With perfect poise and balance, Chadd Deitz cruised across the concrete behind Stage Center on his bright orange skateboard.
The poise and balance came in handy since he happened to be doing a handstand at the time.
And that was just for starters as the stunt comedian known as Wacky Chad pedaled a toddler-size bicycle while a 10-year-old boy perched on his shoulders, juggled atop a 9-foot-tall unicycle and bounded above the heads of the crowd on a large pogo stick.
The multitalented Bostonian, 29, ended his Friday afternoon performance at the Festival of the Arts with a backflip on the bouncing orange apparatus, a finale that got the dozens of festivalgoers that gathered on the grass, curbs and bleachers cheering enthusiastically.
“Come on, people, high fives! I’m alive!” Wacky Chad crowed, running around slapping hands with his audience after he landed his last trick following a bit of technical difficulties.
He wasn’t entirely joking when he delivered the wisecrack.
“Every time I perform a show, I’m risking my life, and I’m doing tricks that took me 10 years of my life (to learn),” he said after the show. “If our job was easy, then it wouldn’t be a job, you know. That’s the thing about it: It’s dangerous and that’s why people do it.”
Bouncing into festival
Every year, festival organizers at the Arts Council of Oklahoma City invite a crowd-pleasing entertainer to be the event’s official street performer. Program director Christina Foss said festivalgoers this year have enjoyed Wacky Chad’s quick, quirky quips and jaw-dropping pogo stick tricks.
The venerable downtown “rite of spring” marks Deitz’s first Oklahoma gig; he is performing three shows a day during the festival, which runs through Sunday.
“Really good audiences. The afternoon shows, a little hot, but the audiences are still with me and they want to watch. But the late-night shows are really kicking it; they’re really doing well,” he said, adding he executed a difficult trick called a wraparound on his pogo stick Thursday night.
“I was able to pull off a stunt that I don’t normally do, because the audience was there, the energy was there. ... The audience was relaxed, they all wanted to watch my show, I had filtered out all of the impatient people that are like ‘Do a trick, do a backflip.’”
Jumping into a career
The Syracuse, N.Y., native has been working as a stunt comedian for about a decade, starting out as a 19-year-old who casually accepted a request to play a child’s birthday party for $50.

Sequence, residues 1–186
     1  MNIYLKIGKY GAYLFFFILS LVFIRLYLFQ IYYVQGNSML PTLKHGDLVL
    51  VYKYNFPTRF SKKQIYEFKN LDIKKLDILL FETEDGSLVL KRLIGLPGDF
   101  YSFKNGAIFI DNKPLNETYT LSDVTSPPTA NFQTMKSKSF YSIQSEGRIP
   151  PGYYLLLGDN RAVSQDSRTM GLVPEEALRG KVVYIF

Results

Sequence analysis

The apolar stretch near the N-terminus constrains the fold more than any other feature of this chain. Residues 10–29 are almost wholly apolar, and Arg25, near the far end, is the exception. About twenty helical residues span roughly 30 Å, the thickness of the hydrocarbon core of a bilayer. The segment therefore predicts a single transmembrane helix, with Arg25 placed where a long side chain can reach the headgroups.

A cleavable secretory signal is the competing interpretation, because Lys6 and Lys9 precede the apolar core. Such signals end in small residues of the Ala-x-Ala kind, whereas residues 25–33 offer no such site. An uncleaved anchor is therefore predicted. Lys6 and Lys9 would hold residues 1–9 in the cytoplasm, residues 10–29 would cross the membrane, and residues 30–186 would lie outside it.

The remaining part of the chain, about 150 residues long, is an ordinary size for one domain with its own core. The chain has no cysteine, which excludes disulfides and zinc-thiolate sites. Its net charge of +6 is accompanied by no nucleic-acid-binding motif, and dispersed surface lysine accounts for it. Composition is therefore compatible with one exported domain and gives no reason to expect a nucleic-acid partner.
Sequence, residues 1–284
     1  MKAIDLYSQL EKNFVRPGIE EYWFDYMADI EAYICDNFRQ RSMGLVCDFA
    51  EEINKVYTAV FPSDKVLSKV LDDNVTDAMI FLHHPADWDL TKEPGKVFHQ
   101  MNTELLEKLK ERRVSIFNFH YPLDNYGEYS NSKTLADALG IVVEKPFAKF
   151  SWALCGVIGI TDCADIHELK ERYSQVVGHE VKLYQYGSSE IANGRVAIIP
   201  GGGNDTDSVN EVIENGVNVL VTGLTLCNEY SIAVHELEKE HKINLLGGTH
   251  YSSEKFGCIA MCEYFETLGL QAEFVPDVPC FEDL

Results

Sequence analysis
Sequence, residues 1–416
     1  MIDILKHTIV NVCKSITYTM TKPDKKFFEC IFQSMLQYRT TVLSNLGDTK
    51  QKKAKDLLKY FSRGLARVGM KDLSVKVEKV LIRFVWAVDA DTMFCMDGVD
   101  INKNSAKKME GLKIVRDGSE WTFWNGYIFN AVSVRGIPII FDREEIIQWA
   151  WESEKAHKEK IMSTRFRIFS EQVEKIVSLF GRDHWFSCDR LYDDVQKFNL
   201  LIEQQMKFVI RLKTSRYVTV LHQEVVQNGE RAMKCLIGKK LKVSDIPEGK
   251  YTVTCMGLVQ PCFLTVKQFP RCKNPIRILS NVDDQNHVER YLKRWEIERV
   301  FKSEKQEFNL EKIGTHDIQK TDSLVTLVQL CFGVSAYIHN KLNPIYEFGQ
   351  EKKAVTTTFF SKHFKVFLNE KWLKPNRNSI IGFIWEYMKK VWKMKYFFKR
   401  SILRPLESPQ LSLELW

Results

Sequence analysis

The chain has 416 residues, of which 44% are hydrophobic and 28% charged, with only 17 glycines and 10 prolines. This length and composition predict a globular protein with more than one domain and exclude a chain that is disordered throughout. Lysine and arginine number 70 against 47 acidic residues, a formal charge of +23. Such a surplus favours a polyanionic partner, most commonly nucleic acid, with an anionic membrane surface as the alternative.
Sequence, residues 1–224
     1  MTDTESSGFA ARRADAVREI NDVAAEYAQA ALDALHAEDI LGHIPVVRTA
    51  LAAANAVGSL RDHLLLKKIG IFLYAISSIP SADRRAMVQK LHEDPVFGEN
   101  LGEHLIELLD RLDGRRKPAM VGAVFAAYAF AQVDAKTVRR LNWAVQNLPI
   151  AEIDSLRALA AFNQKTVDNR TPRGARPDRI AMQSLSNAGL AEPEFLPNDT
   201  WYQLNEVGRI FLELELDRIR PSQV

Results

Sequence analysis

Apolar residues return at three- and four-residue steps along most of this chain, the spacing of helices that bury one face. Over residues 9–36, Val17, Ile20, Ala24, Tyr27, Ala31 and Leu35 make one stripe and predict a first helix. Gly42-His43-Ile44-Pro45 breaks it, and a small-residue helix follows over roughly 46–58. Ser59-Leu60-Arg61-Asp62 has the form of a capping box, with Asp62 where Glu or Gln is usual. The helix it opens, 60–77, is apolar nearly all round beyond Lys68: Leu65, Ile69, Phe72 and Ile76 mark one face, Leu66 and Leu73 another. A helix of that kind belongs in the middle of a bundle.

“I was a mouse at Chuck E Cheese, so I kind of knew how to skateboard and unicycle,” he said.
“I bought a pogo stick and a bunch of magic tricks. ... It was an adult pogo stick and apparently they just came out. I didn’t know it, I just saw a pogo stick and I was like, ‘I’m gonna buy this.’ So I started putting pogo in my show. I jump-roped and pogoed, went online, saw some really cool pogo stick tricks and then I was like, ‘Ooh, I can do that,’ and then they started making a bigger and better pogo stick.”
As he honed his craft, he started getting paid more and auditioned and was accepted into Boston’s street performers program. He also travels across the country as well as to Canada, Australia, New Zealand and Ireland.
Toughing out bumps
Despite his decade of experience, Deitz sometimes encounters difficulties in his act that have nothing to do with his challenging stunts. Friday afternoon, a testy audience member heckled him to hurry up and get to the tricks, and he needed a do-over on his big backflip after the air inside his pogo stick leaked out, making for a rough landing off his towering unicycle and forcing him to pump it up again before he could pull off his finale.
“Street performing makes you tough. A lot of people are takers or walk-by people. They don’t really care to watch. They’ll just kind of sit and watch ‘cause it’s something to do. They don’t appreciate how many years you’ve spent doing it, how long it took you to practice, the polishing,” he said. “A lot of people are just losing their sense of live show entertainment. They’re so used to multimillion-dollar movies, they watch Netflix and YouTube videos, and it’s ‘gimme, gimme, gimme right here, right now, I don’t have time to wait.’”
Still, he relishes the moments when his act makes people laugh, cheer and eagerly snap photos with their smartphones.
“They leave with something that’s not tangible. They don’t realize it, but they just walk away feeling good about themselves. It’s something to talk about after, it’s something to just go, ‘Wow, did you see that Wacky Chad? Oh he was cool. That was really fun.’ It just makes their day better, I think,” Deitz said.
The act definitely left an impression on Dylan Speaks, 10, of Norman, the boy Deitz pulled out of the audience to test-ride his tiny bicycle and then tool around on the performer’s shoulders as Wacky Chad pedaled it for the laughing crowd. The McKinley Elementary School student, who comes to the festival every year, said the miniature bike was much harder to ride than it looks.
“It was pretty fun ... and it was not too scary. But scary a little,” he said. “It was a fun experience.”
Festival of the Arts
•When: 11 a.m. to 9 p.m. Saturday and 11 a.m. to 6 p.m. Sunday
•Where: In the Festival Plaza, on Hudson Avenue and at the Myriad Gardens
•Wacky Chad performances: 1 to 1:30 p.m., 3 to 3:30 p.m. and 7:45 to 8:15 p.m. Saturday and 12:30 to 1 p.m., 2:30 to 3 p.m. and 4 to 4:30 p.m. Sunday behind Stage Center
•Admission: Free. Pets are not allowed
•Information: 270-4848 or www.artscouncilokc.com
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